Most of the journalism we encounter today asks what went wrong yesterday and who’s to blame, or so says David Beers of the Tyee.ca. He and Summers McKay and Kristy Jansen of the Optimist Daily joined us for a rich and robust exploration of solutions journalism. What is solutions journalism you may ask? Solutions journalism is about investigating and reporting on potential solutions to our biggest challenges. It’s investigative journalism with a focus on how people are responding to and solving problems. Because it is not spin or fluff, it is a potential answer to the emotional inflammation that many of us are experiencing today.
Marsha Semmel is a powerhouse in the world of museums, libraries, national cultural policy and program development, philanthropy and the development and implementation of strategic public/private partnerships. Marsha is opening a door to a new way of thinking about museums and museum experiences. In doing so she’s signalling that the cultural changes we are seeing in the world are going to force us to change how we do a lot of things. Through effective partnerships to support, broaden, and evolve our approaches for how we learn, Marsha sees big opportunities for libraries and museums to play in the education space.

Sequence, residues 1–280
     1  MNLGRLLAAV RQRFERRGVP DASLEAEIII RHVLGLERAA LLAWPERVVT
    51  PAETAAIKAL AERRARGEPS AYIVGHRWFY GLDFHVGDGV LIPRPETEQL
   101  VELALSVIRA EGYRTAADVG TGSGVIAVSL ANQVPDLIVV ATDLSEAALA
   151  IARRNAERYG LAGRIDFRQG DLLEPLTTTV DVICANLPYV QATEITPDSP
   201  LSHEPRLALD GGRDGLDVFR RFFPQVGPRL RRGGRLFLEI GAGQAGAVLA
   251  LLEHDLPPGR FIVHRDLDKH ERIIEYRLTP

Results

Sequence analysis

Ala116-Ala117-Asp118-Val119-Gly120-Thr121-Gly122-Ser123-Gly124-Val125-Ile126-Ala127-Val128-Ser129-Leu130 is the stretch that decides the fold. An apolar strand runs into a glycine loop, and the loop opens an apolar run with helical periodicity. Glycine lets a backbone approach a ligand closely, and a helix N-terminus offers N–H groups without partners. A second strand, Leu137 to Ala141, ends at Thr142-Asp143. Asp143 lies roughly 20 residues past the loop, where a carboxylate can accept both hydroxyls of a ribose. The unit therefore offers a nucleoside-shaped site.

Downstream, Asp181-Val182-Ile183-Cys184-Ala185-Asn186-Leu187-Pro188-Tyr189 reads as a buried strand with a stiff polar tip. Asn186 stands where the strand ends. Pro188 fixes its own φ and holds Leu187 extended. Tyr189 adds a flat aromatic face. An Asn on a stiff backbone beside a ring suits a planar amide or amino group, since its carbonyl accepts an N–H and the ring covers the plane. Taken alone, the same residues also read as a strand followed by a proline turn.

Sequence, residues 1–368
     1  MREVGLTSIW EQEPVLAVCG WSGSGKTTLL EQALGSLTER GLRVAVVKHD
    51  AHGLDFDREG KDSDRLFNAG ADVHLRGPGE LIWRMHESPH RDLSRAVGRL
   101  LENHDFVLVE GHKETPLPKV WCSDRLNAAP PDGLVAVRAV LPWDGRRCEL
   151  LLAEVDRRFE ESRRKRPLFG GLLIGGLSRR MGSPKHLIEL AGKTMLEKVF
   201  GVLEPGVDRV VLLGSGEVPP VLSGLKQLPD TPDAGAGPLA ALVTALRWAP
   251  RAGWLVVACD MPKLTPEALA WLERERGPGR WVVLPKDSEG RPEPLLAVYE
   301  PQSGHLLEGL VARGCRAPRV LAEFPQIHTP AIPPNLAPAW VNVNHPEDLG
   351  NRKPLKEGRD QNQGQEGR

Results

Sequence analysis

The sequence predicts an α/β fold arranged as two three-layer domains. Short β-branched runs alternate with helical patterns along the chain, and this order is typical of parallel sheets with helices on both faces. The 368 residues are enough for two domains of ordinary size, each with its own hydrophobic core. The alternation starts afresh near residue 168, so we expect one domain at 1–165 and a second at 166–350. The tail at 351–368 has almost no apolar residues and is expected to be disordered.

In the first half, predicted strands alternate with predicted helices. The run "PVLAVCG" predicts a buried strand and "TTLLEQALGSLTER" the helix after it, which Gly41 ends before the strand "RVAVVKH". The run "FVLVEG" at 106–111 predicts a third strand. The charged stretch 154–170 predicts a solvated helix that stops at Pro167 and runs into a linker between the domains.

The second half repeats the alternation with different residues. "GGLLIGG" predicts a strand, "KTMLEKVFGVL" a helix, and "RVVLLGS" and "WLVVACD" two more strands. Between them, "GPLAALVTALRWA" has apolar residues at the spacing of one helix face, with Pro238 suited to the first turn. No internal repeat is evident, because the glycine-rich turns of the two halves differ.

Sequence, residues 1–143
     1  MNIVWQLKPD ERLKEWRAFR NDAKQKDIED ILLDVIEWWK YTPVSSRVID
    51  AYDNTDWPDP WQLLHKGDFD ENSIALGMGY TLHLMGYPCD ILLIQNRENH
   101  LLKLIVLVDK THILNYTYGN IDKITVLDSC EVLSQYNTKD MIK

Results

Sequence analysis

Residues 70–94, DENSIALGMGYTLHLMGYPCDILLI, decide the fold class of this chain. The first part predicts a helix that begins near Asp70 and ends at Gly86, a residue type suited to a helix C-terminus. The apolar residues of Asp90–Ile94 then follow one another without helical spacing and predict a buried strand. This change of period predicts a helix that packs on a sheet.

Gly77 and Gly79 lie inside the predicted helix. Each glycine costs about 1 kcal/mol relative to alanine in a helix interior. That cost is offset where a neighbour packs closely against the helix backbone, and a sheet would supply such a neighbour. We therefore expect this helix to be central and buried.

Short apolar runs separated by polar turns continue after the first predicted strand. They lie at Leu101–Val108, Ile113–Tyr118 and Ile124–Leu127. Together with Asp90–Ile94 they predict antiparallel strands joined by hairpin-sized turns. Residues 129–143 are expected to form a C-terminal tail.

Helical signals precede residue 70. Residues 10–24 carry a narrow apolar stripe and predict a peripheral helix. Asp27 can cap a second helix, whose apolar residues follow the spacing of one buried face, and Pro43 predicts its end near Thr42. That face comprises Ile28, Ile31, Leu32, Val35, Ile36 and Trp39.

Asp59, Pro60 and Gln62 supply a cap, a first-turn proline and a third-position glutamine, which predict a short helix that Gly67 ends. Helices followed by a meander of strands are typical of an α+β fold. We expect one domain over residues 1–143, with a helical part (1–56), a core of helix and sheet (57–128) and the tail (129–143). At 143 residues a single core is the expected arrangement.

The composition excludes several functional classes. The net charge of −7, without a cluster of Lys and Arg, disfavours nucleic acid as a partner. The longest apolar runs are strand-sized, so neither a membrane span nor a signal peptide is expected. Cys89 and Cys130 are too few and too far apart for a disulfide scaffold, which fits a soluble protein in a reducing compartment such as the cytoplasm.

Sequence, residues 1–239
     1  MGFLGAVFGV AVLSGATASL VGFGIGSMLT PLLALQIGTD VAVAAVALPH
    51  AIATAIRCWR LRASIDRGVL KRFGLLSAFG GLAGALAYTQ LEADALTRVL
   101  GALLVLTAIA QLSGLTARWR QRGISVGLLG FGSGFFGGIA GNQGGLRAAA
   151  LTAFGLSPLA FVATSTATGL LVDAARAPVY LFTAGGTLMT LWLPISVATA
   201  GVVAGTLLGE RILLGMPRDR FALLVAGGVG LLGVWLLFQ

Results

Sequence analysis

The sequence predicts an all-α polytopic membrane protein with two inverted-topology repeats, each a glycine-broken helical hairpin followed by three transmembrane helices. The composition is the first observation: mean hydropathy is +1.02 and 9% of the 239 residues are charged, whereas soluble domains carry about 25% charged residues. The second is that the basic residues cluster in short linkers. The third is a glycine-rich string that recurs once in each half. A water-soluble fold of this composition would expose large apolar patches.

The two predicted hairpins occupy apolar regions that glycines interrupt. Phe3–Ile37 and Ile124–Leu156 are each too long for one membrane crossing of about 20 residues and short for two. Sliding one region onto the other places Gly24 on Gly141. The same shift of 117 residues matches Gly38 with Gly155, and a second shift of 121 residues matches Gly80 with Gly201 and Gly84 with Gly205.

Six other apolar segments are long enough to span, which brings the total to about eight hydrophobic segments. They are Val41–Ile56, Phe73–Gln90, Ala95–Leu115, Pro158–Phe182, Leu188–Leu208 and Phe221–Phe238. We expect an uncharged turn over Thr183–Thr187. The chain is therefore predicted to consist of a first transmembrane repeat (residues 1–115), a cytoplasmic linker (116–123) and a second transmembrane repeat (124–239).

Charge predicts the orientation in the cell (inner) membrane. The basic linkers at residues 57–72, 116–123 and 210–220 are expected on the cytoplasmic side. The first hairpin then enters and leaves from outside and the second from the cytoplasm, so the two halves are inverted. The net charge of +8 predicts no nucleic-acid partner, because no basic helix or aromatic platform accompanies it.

Chad Shipmaker’s story is a fascinating exploration of the outsized impact remote working can have on innovation and creativity in small towns. This is a positive story about what happens when you apply big idea thinking and practical problem solving to solutions that work in these small-town contexts. And while there may not be the talent pool and big money you get in a Silicon Valley, Chad says connected, authentic community connection provides opportunities you just can’t get in these larger places.
Another crack in the system that is being exposed right now is that the Great Person Theory of leadership, which is really the command and control model in a nicer suit, is way too rigid. To be great leaders we need to cultivate our emotional intelligence and ability to flex and be collaborative. Elaine Broe offers us a fresh take sprinkled with humor and humility.